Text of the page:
A bond allocation much greater than the 40% in a core 60/40 portfolio is needed to diversify equity risk.

It's also important to note equity exposure contributes 85% of the volatility of the core 60/40 portfolio. Another impact of the limited diversification in this portfolio.

The portfolio has a duration close to 1 to changes in inflation expectations as defined by break-even inflation (BEI), meaning the return of the portfolio increases by 1% for every 1% increase in BEI. However, the portfolio also has negative exposures to both the dollar and realized changes in month-over-month inflation. Said differently, the Global 60/40 portfolio suffers when the dollar strengthens and when monthly CPI changes are positive, losing about 25% of the change in either variable.

This model is a multi-factor model, meaning that we look at the exposures to all five factors simultaneously. However, just looking at full period results can sometimes be misleading and mask biases from outlier datapoints. To ensure these results aren’t being biased by outliers, it’s also good to graphically view the results. As it’s visually impossible to create a 5-dimensional plot, we instead choose to look at the univariate plots which do not appear to show outliers unexpectedly biasing the relationships.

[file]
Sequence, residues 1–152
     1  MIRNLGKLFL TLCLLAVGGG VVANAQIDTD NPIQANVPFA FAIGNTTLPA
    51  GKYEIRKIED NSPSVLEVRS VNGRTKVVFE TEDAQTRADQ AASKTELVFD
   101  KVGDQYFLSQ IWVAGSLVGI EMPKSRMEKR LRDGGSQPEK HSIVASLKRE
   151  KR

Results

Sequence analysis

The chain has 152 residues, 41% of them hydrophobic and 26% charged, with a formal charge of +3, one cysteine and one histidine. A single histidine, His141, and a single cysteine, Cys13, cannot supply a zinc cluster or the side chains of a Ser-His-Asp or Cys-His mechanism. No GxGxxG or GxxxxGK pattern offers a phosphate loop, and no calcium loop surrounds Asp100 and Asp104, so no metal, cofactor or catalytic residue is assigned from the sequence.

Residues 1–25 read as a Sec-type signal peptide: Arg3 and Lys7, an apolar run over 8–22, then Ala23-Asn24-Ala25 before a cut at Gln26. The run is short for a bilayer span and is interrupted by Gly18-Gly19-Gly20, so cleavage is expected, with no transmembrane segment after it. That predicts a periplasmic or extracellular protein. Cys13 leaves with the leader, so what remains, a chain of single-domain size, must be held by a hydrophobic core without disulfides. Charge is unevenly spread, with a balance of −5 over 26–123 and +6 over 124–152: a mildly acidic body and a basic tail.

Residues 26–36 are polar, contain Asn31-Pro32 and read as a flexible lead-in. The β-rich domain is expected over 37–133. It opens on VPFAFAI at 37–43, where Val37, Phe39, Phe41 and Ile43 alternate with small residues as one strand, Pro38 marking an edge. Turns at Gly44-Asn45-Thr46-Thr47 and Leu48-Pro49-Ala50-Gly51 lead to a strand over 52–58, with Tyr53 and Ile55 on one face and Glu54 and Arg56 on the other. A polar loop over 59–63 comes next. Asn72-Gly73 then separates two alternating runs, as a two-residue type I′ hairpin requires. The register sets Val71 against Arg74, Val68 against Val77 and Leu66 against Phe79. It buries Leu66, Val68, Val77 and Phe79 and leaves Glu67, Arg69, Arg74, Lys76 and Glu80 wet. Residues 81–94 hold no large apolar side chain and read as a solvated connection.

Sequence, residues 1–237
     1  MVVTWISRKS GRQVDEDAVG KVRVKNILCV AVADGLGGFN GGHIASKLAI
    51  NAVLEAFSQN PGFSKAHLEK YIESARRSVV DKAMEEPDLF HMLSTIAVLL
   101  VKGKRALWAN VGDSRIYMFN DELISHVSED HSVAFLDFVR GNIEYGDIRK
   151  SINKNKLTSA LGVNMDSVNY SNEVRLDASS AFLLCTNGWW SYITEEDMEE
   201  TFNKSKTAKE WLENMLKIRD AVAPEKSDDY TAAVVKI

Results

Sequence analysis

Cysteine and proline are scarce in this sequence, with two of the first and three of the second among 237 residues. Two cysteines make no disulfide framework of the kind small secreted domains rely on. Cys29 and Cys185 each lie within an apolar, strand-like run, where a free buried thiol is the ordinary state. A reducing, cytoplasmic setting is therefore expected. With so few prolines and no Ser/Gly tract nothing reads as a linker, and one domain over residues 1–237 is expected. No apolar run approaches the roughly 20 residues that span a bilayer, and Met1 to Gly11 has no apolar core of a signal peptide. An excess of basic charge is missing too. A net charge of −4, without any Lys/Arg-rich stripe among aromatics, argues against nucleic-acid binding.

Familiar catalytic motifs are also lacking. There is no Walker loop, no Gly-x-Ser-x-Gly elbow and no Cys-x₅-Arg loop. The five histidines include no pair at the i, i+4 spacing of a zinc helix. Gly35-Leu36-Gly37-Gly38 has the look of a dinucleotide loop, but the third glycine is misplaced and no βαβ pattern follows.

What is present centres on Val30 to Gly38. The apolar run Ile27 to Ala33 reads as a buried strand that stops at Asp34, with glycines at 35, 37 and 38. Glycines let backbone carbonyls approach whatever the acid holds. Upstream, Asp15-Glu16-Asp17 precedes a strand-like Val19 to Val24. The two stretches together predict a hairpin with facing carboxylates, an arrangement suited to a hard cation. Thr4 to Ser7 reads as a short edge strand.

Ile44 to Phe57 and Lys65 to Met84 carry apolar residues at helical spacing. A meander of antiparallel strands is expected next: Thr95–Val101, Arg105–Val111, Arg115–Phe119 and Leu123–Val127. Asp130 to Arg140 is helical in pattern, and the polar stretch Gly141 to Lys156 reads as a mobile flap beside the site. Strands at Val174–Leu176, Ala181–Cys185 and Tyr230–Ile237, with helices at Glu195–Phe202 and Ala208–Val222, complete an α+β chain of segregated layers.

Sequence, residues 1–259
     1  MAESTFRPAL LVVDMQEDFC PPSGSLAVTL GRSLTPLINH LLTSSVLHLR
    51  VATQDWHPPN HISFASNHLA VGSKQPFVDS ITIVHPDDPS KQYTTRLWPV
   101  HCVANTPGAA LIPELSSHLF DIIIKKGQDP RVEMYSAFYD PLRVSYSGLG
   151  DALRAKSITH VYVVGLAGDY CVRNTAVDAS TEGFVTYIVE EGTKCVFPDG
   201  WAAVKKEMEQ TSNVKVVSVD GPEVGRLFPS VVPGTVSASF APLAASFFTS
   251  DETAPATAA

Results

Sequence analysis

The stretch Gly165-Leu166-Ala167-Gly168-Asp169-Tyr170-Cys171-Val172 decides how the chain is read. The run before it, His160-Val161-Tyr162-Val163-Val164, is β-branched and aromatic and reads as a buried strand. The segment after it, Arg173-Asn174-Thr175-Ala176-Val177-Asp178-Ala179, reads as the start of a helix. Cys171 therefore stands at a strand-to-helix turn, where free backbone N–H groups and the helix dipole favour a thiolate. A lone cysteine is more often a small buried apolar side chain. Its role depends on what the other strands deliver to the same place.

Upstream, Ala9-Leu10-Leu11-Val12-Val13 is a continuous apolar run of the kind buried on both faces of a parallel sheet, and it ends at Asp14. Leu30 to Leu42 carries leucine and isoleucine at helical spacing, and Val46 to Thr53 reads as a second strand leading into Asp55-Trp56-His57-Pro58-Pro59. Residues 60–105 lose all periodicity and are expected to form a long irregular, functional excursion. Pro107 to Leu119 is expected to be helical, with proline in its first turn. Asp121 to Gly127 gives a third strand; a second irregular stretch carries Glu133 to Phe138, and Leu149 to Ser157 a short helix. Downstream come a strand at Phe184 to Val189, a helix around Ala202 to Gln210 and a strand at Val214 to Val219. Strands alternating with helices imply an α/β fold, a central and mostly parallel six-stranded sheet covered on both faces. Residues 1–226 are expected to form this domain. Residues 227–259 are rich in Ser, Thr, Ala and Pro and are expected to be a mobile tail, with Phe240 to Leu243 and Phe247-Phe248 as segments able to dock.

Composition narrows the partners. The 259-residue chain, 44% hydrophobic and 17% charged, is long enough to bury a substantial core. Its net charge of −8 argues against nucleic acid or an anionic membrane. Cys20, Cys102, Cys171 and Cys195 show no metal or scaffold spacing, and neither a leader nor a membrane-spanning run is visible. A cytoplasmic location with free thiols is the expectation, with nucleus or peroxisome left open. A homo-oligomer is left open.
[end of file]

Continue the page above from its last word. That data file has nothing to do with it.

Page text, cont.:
Exposures From a Broader Set of Asset Classes

Our goals should be to add allocations to other asset classes to manage the factor exposures of our portfolios, in line with our investment objectives, while also reducing the 85% risk that comes from equity exposure. Instead of magically picking a set of assets to meet these objectives, we instead look at a broad set of 14 asset classes and their exposures to each factor in our multi-factor model. Often, we chose to look at a set of 16 asset classes, but since US equities, as proxied by the S&P 500, and the DXY currency index are explicit factors in our model, we remove those assets from our analysis4

With the exception of short-term bonds, commodities and TIPS, all assets have a statistically significant positive exposure to equity risk. Short-term bonds tend to do well during equity selloffs as they become an asset of choice during risk-off events. However, as we’ve seen, a bond allocation much greater than 40% is needed to diversify equity risk.

With respect to the change in real yields, these exposures correspond closely to the duration of each asset class, with some limited impact from the other factors. Here again, most of the exposures are statistically significant and negative, as increases in yields correspond to lower prices. REITS also have a negative exposure due to increases in funding costs of leverage from rising rates. The positive exposure of small cap equities is a bit surprising as smaller companies tend to be more negatively sensitive to changes in rates. In this case, although the exposure is significant, its significance is quite low relative to most of the other asset classes and may simply be statistically spurious.